Holmes v. United States of America
MEMORANDUM AND ORDER IT IS HEREBY ORDERED that movant's motion to withdraw his claim of ineffective assistance of counsel raised in his original pro se § 2255 motion to vacate, set aside or correct sentence pursuant to 28 U.S.C. § 22 55 is GRANTED. [Doc. 25] IT IS FURTHER ORDERED that movants motion to vacate, set aside or correct sentence pursuant to 28 U.S.C. § 2255, as supplemented by the Dorsey claim, is GRANTED. [Doc. 1] An appropriate judgment will accompany this Memorandum and Order. Signed by District Judge Charles A. Shaw on 6/28/13. (KXS)
UNITED STATES DISTRICT COURT
EASTERN DISTRICT OF MISSOURI
CARLO M. HOLMES,
UNITED STATES OF AMERICA,
No. 4:11-CV-2080 CAS
MEMORANDUM AND ORDER
This matter is before the Court on movant Carlo Holmes’ Motion to Vacate, Set Aside or
Correct Sentence Under 28 U.S.C. § 2255, originally filed pro se and supplemented to add a claim
pursuant to the Supreme Court’s ruling in Dorsey v. United States, 132 S. Ct. 2321 (2012). The
government opposes the motion. Movant, through appointed counsel, has filed a reply. The matter
is now fully briefed and ready for decision. For the following reasons, movant’s Motion to Vacate,
Set Aside or Correct Sentence Under 28 U.S.C. § 2255, as supplemented by the Dorsey claim, will
On September 4, 2008, movant Carlo Holmes was indicted on one count of being a felon in
possession of a firearm in violation of 18 U.S. C. § 922(g)(1) (Count 1) and one count of possession
with intent to distribute in excess of 5 grams of crack cocaine in violation of 21 U.S.C. § 841(a)(1)
(Count 2). See United States v. Holmes, No. 4:08-CR-525 CAS (E.D. Mo.).
On March 3, 2009, a jury found Holmes guilty on both counts following a two-day trial. On
June 11, 2009, the Court sentenced Holmes to the mandatory minimum sentence, 120 months
imprisonment on each count, to be served concurrent with each other and with certain specified state
court cases, and supervised release for a term of 2 years on Count 1 and 8 years on Count 2.
Holmes filed a timely notice of appeal on July 28, 2009, which raised two points for appeal:
(1) error in the admission of hearsay statements of a confidential informant, and (2) sufficiency of
the evidence. On September 2, 2010, the Eighth Circuit Court of Appeals affirmed Holmes’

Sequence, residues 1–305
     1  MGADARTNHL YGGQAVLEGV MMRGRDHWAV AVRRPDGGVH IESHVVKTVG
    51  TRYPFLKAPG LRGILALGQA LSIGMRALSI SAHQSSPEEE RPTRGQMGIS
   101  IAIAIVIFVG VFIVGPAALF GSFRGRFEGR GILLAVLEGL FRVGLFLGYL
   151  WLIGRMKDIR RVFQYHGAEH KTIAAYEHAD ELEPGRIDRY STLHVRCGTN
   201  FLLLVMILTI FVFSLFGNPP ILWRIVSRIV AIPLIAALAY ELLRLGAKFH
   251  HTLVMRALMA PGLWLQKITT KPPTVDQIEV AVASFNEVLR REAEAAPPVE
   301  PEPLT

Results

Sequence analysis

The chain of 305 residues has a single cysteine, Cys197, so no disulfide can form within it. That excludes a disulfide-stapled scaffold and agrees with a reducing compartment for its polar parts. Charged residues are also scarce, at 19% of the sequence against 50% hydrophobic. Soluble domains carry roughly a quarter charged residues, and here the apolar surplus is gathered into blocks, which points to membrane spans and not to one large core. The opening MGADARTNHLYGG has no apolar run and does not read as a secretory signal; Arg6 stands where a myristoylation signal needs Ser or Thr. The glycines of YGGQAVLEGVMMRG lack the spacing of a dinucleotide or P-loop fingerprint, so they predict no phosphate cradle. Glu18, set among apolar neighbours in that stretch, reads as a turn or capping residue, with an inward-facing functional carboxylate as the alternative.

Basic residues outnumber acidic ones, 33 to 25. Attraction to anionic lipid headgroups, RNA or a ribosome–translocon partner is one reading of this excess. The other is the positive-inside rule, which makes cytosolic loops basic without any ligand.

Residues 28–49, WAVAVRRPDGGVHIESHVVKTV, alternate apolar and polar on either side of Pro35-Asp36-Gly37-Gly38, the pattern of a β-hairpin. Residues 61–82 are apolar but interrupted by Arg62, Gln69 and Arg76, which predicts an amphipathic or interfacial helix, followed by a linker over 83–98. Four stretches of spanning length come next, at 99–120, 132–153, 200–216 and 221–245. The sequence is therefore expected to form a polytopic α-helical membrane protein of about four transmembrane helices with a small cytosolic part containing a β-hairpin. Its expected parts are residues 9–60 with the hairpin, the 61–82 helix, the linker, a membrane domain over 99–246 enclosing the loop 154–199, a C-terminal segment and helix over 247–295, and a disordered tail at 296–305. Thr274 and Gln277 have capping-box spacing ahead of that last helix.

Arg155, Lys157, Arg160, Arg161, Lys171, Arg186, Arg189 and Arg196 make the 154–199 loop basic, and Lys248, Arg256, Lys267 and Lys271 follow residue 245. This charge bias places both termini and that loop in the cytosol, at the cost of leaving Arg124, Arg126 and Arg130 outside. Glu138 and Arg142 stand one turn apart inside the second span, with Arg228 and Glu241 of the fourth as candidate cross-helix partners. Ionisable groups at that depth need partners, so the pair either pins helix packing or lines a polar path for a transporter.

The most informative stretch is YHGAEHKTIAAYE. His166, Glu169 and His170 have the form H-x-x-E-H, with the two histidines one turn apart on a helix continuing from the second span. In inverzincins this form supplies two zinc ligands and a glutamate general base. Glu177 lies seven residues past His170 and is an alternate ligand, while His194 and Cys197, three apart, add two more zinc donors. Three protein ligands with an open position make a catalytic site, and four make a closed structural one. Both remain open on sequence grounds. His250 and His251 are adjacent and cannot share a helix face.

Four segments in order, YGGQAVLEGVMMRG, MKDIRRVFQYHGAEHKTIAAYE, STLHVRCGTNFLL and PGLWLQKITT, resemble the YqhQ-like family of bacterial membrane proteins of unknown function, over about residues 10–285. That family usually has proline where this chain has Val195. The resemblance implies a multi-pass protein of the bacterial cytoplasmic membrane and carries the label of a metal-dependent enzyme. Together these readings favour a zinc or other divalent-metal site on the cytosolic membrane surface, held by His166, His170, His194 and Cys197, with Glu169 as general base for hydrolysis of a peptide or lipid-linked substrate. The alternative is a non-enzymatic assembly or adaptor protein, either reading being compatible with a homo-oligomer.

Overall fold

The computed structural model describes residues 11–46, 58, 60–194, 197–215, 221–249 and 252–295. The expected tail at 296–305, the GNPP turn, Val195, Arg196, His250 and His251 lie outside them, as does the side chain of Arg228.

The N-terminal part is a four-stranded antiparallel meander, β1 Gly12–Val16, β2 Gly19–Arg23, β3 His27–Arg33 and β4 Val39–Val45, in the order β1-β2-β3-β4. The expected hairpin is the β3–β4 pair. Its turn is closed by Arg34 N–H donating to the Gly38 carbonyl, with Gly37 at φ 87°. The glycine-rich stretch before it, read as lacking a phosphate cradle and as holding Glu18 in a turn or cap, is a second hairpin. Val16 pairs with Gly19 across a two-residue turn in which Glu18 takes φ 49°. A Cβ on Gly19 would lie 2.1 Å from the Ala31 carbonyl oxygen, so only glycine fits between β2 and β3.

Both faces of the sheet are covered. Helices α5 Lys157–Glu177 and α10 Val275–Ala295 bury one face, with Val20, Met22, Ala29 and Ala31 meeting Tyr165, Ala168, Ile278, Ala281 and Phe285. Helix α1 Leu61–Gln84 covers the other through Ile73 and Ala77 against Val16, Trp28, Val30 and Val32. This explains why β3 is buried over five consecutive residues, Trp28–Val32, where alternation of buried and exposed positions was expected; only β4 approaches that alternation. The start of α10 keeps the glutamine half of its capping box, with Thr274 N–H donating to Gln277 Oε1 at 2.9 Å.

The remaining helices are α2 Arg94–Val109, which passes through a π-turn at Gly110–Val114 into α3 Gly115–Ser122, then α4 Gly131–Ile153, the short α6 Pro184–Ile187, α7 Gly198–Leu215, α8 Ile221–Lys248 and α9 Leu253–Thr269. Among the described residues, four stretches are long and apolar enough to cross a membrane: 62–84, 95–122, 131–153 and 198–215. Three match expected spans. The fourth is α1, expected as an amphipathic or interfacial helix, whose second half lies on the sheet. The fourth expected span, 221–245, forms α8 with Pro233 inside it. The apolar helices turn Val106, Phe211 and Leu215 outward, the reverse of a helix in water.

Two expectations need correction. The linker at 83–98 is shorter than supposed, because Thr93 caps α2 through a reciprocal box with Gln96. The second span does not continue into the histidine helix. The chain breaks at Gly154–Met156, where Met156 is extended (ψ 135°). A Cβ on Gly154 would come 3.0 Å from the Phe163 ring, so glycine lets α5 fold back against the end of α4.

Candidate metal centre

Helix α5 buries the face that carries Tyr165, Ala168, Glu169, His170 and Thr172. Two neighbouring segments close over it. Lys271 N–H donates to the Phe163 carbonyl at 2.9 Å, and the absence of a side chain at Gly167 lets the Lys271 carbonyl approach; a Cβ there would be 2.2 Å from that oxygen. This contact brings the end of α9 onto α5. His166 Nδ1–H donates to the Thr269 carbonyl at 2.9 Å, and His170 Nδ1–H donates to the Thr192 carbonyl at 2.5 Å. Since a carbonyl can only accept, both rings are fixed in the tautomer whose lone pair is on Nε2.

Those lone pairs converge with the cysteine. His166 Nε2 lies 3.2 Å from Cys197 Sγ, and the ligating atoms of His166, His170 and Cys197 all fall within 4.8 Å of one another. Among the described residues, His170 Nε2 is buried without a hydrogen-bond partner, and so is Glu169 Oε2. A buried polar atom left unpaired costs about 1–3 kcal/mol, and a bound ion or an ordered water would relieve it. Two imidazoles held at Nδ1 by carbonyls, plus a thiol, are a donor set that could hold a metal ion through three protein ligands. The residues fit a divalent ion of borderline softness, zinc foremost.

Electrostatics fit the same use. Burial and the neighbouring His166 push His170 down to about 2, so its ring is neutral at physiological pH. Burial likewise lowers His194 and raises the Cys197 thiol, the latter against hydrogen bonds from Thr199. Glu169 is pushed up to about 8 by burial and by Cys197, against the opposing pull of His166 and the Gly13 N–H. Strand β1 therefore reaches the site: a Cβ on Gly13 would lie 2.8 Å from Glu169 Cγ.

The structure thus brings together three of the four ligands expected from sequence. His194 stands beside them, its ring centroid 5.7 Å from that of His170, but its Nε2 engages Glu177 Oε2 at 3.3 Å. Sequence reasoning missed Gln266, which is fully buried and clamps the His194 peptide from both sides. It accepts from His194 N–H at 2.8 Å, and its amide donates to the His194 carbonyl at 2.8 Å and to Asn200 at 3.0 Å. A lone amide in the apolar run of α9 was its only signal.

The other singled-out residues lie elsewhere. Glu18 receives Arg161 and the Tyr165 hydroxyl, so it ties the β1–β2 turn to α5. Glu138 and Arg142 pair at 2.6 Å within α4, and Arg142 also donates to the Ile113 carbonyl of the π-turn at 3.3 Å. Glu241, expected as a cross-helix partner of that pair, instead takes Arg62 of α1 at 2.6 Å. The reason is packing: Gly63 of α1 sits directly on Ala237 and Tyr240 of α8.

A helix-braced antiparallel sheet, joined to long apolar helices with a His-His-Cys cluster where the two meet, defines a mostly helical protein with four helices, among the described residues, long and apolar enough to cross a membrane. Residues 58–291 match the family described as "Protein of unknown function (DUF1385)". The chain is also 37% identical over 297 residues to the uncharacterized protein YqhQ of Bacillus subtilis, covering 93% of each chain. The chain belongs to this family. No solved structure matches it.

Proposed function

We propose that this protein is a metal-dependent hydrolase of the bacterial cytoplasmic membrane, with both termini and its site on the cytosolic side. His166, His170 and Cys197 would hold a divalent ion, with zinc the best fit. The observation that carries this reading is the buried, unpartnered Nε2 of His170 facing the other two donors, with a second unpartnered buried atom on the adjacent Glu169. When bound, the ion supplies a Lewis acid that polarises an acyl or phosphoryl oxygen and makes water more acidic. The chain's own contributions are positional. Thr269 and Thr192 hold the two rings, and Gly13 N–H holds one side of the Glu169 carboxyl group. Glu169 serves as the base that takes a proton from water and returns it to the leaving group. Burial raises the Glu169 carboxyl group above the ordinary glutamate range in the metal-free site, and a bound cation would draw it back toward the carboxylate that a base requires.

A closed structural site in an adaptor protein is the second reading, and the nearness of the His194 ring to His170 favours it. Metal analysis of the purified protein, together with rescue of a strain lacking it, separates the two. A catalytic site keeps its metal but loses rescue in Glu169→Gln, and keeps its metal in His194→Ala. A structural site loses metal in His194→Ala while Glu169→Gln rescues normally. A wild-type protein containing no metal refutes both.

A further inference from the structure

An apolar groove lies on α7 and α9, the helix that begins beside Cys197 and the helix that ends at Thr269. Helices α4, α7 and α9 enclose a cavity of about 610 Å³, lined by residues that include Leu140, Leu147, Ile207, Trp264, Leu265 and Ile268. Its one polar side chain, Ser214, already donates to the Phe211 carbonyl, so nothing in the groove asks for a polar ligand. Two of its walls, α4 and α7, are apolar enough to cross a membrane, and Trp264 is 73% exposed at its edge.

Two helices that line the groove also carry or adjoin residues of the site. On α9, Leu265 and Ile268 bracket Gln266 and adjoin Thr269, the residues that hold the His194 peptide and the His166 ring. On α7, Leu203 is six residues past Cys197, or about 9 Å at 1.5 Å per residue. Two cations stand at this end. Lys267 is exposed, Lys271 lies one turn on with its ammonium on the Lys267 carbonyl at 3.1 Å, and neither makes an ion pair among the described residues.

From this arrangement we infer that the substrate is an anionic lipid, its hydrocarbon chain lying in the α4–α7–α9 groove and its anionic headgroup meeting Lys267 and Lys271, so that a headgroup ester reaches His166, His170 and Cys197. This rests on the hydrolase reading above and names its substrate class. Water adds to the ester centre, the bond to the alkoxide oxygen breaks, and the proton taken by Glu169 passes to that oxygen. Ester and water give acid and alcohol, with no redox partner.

conviction on Count 2, the crack cocaine charge, and reversed his conviction on Count 1, the felon
in possession charge, based on a Confrontation Clause violation. The Court of Appeals vacated the
judgment and sentence imposed on the felon in possession charge, and remanded the case to this
Court for further proceedings. See Doc. 73, Case No. 4:08-CR-525 CAS.
On remand, pursuant to Rule 48(a), the government moved to dismiss Count 1, the felon in
possession charge, against movant without prejudice. See Doc. 76, Case No. 4:08-CR-525 CAS.
On September 27, 2010, the Court granted the government’s motion to dismiss Count 1, and ordered
the Court to prepare an Amended Judgment in a Criminal Case to reflect (1) defendant’s conviction
on Count 2, and (2) the government’s dismissal of Count 1. See Doc. 77, Case No. 4:08-CR-525
On September 28, 2010, the Court issued an Amended Judgment in a Criminal Case. The
Amended Judgment states as follows:
The defendant is hereby committed to the custody of the United States Bureau of
Prisons to be imprisoned for a total term of 120 months. Defendant is sentenced on
Count 2 to 120 months imprisonment, to be served concurrently to any sentence
imposed in any of his state court cases in Docket Numbers 22991-0223-01, 2299104023-01, 2104R-01049-01 and 2205100122-01.
Doc. 78 at 2, Case No. 4:08-CR-525 CAS.
On November 30, 2011, Holmes filed, pro se, a motion to vacate, set aside or correct
sentence pursuant to 28 U.S.C. § 2255. He raised only one ground: ineffective assistance of counsel.